The method can also include comprising blurring the background. The method can further include determining a temporal history of depth information of the video. The method can also include comprising providing hysteresis of video re-projection using the temporal history of the depth information of the video so as to maintain continuity of a re-projection and not respond to temporary objects moving in front of the face being re-projected, wherein the temporary objects are in front of the face being re-projected for less than a threshold period of time.
Some implementations can include a system comprising one or more processors coupled to a non-transitory computer readable medium having stored thereon software instructions that, when executed by the one or more processors, cause the one or more processors to perform operations. The operations can include receiving a video including a plurality of frames, the video captured by a physical camera at a first point of view, wherein the video includes depth information corresponding to the plurality of frames, and detecting a face within the video, wherein the face is within a foreground portion of one or more frames of the video.
The operations can also include determining the foreground portion of the plurality of frames based on one or more depth values of the depth information corresponding to the plurality of frames, and positioning a virtual camera at a second point of view, wherein the second point of view is different from the first point of view. The operations can further include obtaining a projection matrix of the foreground portion based on the virtual camera, the projection matrix corresponding to the second point of view, and generating a modified video that includes a modified foreground portion based on the projection matrix. The operations can also include stabilizing the modified foreground portion of the modified video.
The operations can further include adjusting the projection matrix of the foreground portion to reduce a lens effect of the physical camera used to capture the video. In some implementations, detecting the face comprises extracting the face out of a background plane, wherein the background plane is determined based on the depth information.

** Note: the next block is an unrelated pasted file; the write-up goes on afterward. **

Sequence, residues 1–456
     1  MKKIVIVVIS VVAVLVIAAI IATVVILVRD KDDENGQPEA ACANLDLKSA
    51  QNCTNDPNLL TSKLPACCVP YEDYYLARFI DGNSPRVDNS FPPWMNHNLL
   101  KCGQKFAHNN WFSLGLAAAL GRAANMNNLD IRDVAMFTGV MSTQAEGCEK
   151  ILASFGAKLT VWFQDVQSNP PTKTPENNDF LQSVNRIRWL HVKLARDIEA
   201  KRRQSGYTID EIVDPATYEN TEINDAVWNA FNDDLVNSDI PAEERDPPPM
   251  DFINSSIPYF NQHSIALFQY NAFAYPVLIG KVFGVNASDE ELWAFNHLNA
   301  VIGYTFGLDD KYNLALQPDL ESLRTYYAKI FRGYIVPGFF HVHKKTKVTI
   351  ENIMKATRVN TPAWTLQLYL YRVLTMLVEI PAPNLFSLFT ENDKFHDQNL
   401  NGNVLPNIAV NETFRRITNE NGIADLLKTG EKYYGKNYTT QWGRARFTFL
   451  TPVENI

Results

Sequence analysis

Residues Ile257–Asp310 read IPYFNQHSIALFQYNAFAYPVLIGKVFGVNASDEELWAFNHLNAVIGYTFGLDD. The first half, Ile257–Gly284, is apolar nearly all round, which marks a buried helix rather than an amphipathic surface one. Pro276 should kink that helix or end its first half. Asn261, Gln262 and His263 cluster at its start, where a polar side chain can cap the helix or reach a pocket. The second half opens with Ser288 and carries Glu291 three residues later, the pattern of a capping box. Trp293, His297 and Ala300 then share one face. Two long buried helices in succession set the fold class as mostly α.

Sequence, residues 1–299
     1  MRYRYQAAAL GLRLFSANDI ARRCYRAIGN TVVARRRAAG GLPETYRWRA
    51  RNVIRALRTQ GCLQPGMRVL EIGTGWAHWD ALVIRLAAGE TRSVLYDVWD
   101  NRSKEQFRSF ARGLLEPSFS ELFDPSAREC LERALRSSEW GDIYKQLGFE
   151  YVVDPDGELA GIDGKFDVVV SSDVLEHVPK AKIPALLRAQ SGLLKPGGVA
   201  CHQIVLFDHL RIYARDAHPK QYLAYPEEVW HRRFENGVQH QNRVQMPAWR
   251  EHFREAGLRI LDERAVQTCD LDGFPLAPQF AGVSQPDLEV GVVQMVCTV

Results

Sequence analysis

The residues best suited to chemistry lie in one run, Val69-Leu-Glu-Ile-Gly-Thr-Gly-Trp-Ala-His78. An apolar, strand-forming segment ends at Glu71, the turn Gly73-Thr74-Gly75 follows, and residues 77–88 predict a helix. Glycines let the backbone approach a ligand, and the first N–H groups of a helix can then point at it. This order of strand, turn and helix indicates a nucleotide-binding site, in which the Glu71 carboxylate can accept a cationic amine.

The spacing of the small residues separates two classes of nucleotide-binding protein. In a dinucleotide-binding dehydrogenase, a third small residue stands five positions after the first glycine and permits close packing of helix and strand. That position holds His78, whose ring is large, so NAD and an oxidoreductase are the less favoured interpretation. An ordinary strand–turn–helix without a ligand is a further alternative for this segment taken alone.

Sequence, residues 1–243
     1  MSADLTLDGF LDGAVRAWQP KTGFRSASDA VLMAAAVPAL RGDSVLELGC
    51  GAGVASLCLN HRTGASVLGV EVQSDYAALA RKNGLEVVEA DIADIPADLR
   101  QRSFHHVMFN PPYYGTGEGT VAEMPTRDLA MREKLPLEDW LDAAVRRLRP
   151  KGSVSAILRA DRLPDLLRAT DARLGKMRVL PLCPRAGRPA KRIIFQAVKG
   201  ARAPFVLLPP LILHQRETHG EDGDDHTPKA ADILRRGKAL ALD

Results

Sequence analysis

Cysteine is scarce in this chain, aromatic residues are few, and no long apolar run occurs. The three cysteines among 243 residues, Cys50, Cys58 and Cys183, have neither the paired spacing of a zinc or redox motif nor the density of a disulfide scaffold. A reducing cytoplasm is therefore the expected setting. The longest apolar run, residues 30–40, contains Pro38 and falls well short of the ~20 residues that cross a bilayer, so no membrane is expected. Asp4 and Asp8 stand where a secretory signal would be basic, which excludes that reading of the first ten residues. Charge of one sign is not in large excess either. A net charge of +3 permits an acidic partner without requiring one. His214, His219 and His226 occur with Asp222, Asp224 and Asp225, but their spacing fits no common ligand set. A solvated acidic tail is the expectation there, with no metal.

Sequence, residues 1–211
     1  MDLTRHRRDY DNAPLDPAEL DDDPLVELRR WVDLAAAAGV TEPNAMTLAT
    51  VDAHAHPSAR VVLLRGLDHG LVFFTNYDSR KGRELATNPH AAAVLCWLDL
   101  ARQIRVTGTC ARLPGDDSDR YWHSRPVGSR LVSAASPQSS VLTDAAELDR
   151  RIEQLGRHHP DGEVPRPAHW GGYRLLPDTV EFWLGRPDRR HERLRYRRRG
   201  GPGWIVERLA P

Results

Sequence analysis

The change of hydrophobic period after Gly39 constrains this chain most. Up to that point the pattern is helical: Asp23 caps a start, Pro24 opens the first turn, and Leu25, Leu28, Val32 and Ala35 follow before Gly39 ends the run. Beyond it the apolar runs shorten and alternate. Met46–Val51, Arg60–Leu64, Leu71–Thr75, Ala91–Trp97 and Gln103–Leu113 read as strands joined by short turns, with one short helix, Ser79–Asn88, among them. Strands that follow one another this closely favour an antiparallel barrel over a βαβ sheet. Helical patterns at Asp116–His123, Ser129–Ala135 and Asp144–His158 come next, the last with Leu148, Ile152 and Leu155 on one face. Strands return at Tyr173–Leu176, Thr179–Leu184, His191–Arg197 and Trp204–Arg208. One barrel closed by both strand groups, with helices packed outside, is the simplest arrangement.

The operations can also include rotating the background plane to face the virtual camera at the second point of view. In some implementations, determining the foreground portion includes detecting the face and a background, where the detecting can include extruding the foreground portion of the face from the background. In some implementations, extruding can include detecting face depth based on the depth information, determining a depth within the frames of an outer edge of the face, and setting the background to include portions of the frames at a depth of the outer edge of the face and at depths beyond the outer edge of the face.
The operations can also include blurring the background. The operations can further include determining a temporal history of depth information of the video. The operations can also include providing hysteresis of video re-projection using the temporal history of the depth information of the video so as to maintain continuity of a re-projection and not respond to temporary objects moving in front of the face being re-projected, wherein the temporary objects are in front of the face being re-projected for less than a threshold period of time.
Some implementations can include a non-transitory computer readable medium having stored thereon software instructions that, when executed by one or more processors, cause the one or more processors to perform operations. The operations can include receiving a video including a plurality of frames, the video captured by a physical camera at a first point of view, wherein the video includes depth information corresponding to the plurality of frames, and detecting a face within the video, wherein the face is within a foreground portion of one or more frames of the video. The operations can also include determining the foreground portion of the plurality of frames based on one or more depth values of the depth information corresponding to the plurality of frames, and positioning a virtual camera at a second point of view, wherein the second point of view is different from the first point of view.
The operations can further include obtaining a projection matrix of the foreground portion based on the virtual camera, the projection matrix corresponding to the second point of view, and generating a modified video that includes a modified foreground portion based on the projection matrix. The operations can also include stabilizing the modified foreground portion of the modified video. In some implementations, determining the foreground portion can include detecting the face and a background, where the detecting includes extruding the foreground portion of the face from the background.
BRIEF DESCRIPTION OF THE DRAWINGS
FIG. 1 is a diagram showing an example user device being used to conduct a video call with the user device capturing the user at an angle that may produce a lower quality video;